With global warming such a hot button topic in today’s day and age, it is unsurprising that scientists have been continually searching for new renewable sources of energy that don’t harm our planet. While hydroelectric and solar energy are now common energy sources, scientists have seemingly combined the two practices in new studies at Ludwig Maximilian University of Munich (LMU) in Germany: Researchers at the university have split water molecules using solar energy. This could be a promising renewable energy source for future generations.
While global warming has been discussed in the media for years, time and studies only seem to intensify how important green energy is and will be in the future.
According to Josef Werne, a Geology and Environmental Science professor at the University of Pittsburg, signs of global warming are becoming more evident than ever before.
“We can observe this happening in real time in many places. Ice is melting in both polar ice caps and mountain glaciers,” Joseff said, according to Live Science. “Lakes around the world, including Lake Superior, are warming rapidly — in some cases faster than the surrounding environment. Animals are changing migration patterns and plants are changing the dates of activity.”
Not only are the visual cues important in the detection of growing global warming, but also the quantitative as well. According to the National Oceanic and Atmospheric Administration (NOAA), the average global temperature has risen 1.78 degrees Fahrenheit over the last 100 years. In fact, 16 of the 17 hottest years on the planet have happened since the new millennium. The World Meteorological Organization reported in 2014 that the rising of the sea level has accelerated an average of about 0.12 inches per year, almost double the average of the 20th century.
Therefore, it is hard to dispute that scientists should look for new ways to reduce fossil fuel emissions, which adversely affects global warming. While solar, wind, hydraulic, nuclear and biomass are the typical renewable “green” resources, Jacek Stolarczyk and Jochen Feldmann of LMU and Frank Würthner of the University of Würzburg have experimented with something much different than the norm. Together, the team has succeeded in the splitting of water molecules with an all-in-one catalytic system, something that has never been done before. In this process, a catalyst of semiconductor nanoparticles can help facilitate the photocatalytic splitting of water into hydrogen fuel and oxygen.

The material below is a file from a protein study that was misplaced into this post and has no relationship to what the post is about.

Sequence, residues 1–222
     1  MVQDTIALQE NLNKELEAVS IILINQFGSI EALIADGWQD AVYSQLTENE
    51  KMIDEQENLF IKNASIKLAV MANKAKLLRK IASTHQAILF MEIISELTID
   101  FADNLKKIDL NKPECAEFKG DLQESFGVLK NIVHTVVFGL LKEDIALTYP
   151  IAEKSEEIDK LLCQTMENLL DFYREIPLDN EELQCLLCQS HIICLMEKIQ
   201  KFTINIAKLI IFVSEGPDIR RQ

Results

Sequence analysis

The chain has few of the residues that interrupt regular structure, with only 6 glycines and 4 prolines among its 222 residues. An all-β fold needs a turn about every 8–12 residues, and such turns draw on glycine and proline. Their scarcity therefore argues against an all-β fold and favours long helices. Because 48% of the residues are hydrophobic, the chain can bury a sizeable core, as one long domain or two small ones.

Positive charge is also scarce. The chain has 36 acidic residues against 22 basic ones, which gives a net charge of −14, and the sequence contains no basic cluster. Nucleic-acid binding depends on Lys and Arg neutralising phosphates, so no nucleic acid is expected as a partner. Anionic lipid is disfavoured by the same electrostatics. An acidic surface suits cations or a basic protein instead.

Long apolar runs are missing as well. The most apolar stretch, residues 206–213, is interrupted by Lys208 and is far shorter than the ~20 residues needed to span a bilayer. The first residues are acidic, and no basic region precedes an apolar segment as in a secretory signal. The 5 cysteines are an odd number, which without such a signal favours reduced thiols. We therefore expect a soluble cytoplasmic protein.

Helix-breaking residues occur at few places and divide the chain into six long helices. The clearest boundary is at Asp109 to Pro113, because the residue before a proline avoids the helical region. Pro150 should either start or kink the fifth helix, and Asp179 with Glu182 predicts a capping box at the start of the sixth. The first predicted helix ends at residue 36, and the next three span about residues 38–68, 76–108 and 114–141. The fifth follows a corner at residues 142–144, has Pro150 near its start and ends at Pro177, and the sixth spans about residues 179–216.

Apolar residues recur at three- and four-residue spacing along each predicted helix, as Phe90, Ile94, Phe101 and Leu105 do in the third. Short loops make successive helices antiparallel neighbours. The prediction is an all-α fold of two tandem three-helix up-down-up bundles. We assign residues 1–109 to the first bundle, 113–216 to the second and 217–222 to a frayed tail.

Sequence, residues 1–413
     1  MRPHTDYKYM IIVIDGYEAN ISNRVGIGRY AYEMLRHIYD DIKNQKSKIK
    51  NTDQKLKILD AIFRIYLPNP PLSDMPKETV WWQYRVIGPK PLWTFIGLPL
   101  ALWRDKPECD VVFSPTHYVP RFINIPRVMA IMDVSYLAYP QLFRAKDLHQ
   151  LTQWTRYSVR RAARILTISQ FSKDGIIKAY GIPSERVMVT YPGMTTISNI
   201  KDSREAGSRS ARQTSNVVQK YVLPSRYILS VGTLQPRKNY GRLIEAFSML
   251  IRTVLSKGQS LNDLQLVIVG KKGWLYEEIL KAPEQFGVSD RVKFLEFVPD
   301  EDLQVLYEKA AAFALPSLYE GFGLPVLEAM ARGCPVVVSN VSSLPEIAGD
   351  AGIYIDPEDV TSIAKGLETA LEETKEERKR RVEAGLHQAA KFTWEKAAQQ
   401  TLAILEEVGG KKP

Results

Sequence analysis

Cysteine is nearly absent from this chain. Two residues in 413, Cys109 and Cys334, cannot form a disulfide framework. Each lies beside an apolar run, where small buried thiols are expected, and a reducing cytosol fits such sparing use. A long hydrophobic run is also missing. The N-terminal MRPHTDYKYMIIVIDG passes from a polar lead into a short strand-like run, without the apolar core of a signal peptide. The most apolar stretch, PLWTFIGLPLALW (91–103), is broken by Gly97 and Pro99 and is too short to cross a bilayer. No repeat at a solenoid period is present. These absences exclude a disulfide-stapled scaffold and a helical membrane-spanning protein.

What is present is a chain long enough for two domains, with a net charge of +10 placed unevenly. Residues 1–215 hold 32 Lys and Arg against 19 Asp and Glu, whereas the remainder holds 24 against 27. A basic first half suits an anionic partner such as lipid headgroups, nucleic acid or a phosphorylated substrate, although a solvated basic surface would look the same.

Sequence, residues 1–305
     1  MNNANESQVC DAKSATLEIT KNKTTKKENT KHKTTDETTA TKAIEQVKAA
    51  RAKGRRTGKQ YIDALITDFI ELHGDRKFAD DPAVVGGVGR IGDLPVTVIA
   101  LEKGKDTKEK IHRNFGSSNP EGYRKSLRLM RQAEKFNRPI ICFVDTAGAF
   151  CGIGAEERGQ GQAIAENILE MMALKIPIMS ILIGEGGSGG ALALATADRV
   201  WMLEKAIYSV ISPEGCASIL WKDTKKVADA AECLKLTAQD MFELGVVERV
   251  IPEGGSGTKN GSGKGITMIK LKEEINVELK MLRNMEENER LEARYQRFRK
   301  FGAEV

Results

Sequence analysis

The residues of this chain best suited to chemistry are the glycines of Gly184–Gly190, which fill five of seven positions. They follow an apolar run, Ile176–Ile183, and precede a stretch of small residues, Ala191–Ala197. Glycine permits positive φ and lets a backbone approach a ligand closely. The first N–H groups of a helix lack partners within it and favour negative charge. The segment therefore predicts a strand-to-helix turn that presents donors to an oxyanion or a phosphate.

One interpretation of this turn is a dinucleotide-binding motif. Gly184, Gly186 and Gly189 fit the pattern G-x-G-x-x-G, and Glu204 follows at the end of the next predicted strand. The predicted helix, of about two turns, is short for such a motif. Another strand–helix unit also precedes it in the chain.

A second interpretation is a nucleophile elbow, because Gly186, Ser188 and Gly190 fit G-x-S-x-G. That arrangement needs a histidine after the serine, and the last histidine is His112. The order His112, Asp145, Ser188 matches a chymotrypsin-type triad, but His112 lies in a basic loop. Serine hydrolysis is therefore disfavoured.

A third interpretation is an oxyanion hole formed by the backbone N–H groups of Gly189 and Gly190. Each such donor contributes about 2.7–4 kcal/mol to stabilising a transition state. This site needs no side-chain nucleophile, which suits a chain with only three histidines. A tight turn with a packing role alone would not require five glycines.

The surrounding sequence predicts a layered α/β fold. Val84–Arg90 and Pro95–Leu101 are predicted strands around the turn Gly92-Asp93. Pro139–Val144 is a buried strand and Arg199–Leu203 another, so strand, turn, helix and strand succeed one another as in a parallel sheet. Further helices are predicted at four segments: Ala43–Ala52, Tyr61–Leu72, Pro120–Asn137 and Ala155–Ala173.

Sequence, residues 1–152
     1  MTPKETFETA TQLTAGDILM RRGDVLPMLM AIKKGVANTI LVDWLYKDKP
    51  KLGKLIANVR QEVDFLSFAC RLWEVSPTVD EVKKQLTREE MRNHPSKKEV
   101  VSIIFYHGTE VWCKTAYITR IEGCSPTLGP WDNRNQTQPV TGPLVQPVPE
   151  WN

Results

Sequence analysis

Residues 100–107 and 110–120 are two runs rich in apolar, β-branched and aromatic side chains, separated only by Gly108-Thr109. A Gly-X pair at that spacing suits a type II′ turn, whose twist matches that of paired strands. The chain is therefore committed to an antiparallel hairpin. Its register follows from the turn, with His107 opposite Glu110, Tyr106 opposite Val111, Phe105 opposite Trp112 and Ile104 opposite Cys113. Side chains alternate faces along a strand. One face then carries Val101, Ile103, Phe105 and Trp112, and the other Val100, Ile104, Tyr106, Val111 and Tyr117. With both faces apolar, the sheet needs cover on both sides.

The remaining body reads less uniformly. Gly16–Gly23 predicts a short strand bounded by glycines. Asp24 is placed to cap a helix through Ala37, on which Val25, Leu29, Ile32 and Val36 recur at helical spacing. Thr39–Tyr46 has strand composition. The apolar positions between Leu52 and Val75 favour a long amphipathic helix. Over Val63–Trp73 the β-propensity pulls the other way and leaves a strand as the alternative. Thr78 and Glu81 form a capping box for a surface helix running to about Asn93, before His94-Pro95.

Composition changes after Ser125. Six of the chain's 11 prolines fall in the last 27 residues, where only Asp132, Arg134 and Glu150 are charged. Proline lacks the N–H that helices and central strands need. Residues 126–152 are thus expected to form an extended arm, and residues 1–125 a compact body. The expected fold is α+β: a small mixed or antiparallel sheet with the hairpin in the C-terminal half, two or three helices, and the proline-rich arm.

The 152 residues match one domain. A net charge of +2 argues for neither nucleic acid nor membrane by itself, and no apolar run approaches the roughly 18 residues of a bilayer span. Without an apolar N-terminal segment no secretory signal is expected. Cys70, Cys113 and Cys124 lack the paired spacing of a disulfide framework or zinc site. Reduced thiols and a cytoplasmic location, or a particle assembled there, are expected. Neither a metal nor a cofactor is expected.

While this process can be quite complicated and challenging since many of the intermediate steps interfere with one another, these scientists have discovered that the best way to do this is to quite literally mimic the photosynthesis process in an everyday plant.
The semiconductor nanoparticles absorb photons of light, which then act as photocatalysts. The absorption of this light particle generates an electron as well as another positively charged particle that scientists call a ‘hole.’
The electron and the hole must separate in order for the water to dissociate, the electron bonding to create hydrogen and the hole oxidizing the negatively charged oxygen.
“If one only wants to generate hydrogen gas from water, the holes are usually removed rapidly by adding sacrificial chemical reagent,” Stolarczyk said in a recent press release. “But to achieve complete water splitting, the holes must be retained in the system to drive the slow process of water oxidation.”
The biggest issue in the process is making the two reactions take place in the particle while preventing the positive hole and negative electron from recombining.
They solved this problem by making nanorods of cadmium sulfate that will separate the oxidation reaction from the photocatalyst.
This project was a part of the German state of Bavaria’s interdisciplinary project entitled Solar Technologies Go Hybird (SolTech), which had the goal of further exploring the use of sunlight in renewable energy sources.
”The development of the new photocatalytic system is a good example of how SolTech brings together the expertise available in diverse disciplines and at different locations,” said Würthner, who is also a founder of SolTech.
“The project could not have succeeded without the interdisciplinary cooperation between chemists and physicists at two institutions.”
While this project can be appreciated from an environmentalist perspective, it can also be applauded as an example of the importance of academic cooperation between different fields. The LMU scientists are trained as physicists and Würthner is a chemist.
In a brief interview with The News-Letter, Benjamin Straus, a sophomore at Hopkins majoring in Biomedical Engineering, described his take on the importance of academic collaboration in today’s world.
“Interdisciplinary collaboration is critical to finding innovative solutions to some of today’s biggest problems. It allows for different perspectives to bring light to surprising solutions that are easily overlooked from a close viewpoint,” Straus said.